A member of Iraq's U.S.-appointed Governing Council (search) said Monday that any attack against Syria (search) was considered an attack against Iraq.

Abdel-Aziz al-Hakim, who heads the Supreme Council for the Islamic Revolution in Iraq, a Shiite Muslim group, also said sending Turkish peacekeepers to Iraq (search) will not solve the country's security crisis.

American troops should "leave as soon as possible because there are no people who believe in occupation and accepts occupiers," said Al-Hakim, whose elder brother and Shiite leader, Mohammed Baqir al-Hakim, was killed in an August bombing in the Iraqi holy city of Najaf (search).

Al-Hakim's three-day visit to Syria, which for a long time was a close ally of his group, comes a week after Israeli warplanes attacked a camp near Damascus that Israel claimed was a training center for the Palestinian militant group Islamic Jihad (search).

Syria denied the allegations and said Palestinian militants abandoned the camp years ago.

"Iraq and Syria, people and states, are brotherly, and their fate is the same. Therefore, we stand by their side," al-Hakim told reporters. "When there is an aggression against Syria, it is an aggression against Iraq."

Syria, which is ruled by a rival faction of Saddam Hussein's Baath Party, had close relations with Iraqi groups that opposed the ousted leader, and most Iraqi opposition groups had offices in Damascus.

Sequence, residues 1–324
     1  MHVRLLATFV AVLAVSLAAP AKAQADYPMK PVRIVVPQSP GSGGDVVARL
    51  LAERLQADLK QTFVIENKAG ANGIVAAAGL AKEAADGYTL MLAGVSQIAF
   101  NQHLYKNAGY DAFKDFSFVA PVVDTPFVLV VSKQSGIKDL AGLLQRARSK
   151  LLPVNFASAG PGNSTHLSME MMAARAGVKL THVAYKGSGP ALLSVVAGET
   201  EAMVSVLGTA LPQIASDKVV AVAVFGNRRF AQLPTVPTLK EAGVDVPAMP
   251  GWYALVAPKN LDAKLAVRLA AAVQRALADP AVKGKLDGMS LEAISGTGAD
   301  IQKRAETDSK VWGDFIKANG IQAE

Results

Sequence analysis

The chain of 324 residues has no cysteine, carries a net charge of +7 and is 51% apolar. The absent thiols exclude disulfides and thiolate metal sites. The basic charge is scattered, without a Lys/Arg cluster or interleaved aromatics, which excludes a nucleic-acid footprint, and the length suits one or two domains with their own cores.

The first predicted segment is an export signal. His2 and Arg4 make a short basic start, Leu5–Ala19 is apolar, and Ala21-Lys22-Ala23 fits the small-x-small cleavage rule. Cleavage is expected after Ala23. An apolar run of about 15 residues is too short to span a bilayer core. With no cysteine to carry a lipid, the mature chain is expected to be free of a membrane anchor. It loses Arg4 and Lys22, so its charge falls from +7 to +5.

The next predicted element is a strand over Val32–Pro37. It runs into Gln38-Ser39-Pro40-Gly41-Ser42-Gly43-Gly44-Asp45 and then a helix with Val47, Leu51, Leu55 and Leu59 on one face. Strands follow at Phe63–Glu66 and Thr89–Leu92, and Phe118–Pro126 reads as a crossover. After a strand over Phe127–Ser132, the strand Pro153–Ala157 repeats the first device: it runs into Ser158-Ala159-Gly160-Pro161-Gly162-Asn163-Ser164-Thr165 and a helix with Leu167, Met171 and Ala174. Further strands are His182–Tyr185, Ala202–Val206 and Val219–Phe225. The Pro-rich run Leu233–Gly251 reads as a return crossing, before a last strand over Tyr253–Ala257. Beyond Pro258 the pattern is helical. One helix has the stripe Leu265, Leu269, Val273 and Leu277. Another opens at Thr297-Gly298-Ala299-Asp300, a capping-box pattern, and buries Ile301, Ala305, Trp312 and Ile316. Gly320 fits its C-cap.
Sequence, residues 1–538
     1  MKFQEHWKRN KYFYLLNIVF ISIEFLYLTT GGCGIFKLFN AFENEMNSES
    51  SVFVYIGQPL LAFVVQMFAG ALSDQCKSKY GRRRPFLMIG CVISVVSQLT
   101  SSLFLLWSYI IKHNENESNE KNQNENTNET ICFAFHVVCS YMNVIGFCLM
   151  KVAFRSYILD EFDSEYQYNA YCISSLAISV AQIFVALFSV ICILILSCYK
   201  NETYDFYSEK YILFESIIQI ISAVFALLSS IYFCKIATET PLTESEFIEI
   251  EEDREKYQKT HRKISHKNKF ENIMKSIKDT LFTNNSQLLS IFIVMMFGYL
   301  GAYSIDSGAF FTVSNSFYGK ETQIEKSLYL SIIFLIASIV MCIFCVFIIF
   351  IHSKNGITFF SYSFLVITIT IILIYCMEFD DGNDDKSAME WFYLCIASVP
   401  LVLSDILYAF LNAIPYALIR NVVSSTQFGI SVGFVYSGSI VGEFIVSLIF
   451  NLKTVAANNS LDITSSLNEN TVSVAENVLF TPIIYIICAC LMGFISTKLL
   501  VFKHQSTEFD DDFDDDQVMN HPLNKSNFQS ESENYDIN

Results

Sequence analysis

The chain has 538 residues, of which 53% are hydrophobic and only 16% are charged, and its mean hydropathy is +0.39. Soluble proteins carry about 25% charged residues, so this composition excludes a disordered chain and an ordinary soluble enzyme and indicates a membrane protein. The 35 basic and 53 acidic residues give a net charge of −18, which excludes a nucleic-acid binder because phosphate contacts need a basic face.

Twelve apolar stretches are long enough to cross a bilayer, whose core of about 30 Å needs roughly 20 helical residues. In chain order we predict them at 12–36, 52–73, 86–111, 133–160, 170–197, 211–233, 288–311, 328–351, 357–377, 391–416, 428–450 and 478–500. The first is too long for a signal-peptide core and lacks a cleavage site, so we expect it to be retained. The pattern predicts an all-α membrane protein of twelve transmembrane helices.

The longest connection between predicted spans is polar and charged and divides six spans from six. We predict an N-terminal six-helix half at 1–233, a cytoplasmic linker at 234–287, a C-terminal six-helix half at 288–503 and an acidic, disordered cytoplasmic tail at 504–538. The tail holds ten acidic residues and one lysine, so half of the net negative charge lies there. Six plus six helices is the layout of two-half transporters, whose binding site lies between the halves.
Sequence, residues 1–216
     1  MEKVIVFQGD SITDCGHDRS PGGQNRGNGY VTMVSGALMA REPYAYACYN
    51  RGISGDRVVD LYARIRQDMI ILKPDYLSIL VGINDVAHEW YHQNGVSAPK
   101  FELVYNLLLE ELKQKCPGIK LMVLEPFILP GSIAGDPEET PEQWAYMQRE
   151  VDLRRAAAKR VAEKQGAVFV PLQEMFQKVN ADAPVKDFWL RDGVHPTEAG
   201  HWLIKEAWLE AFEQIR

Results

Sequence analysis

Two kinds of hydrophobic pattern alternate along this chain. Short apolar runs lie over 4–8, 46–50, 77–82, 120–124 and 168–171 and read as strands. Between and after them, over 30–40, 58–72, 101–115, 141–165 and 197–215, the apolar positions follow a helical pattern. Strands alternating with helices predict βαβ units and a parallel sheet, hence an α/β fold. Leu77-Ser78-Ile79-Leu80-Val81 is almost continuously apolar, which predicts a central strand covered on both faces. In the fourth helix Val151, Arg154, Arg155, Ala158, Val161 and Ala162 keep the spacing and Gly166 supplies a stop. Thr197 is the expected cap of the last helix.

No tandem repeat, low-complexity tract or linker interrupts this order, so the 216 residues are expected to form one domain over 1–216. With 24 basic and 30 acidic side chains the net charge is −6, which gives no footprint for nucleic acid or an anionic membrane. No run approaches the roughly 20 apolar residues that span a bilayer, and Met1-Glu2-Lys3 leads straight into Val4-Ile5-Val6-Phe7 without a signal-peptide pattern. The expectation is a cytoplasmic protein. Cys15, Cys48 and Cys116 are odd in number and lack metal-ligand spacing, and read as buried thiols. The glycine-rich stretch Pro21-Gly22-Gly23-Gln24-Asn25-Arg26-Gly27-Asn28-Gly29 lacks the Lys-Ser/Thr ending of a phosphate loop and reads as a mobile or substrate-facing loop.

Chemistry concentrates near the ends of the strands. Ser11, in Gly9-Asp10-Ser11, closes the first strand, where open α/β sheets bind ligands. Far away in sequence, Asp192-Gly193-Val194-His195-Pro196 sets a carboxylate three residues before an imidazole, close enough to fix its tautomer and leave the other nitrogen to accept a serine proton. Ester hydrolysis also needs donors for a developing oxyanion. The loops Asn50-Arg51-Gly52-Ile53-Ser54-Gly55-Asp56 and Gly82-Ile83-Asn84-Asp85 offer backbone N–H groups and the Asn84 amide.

Asked if he considers attacks against U.S. troops to be terrorist acts, al-Hakim said, "We believe that many of these operations are terrorist acts because they target civilians, scholars, oil and water installations and public establishments.

"We consider these operations terrorist acts and increase instability in Iraq. They are harmful and are rejected by Iraqi people," he said.

Although anti-American attacks have left 96 U.S. soldiers dead since May 1, when President Bush declared major combat over, bombings have also killed scores of civilians and saboteurs have targeted the country's infrastructure.

Al-Hakim, who is scheduled to meet Syrian President Bashar Assad on Tuesday, said he does not think sending Turkish peacekeepers to Iraq will help in easing the bad security situation.

"We are not for the entrance of any forces," he said. "We believe that the severe security problem in Iraq is because of the wrong policies of American forces and occupation forces. The only treatment for this problem is to depend on the Iraqi people."

Turkey's parliament gave permission last week for the government to send troops to Iraq, but Iraqi Kurdish groups and Governing Council members have opposed the move, saying peacekeepers from neighboring countries could interfere with Iraq's postwar development.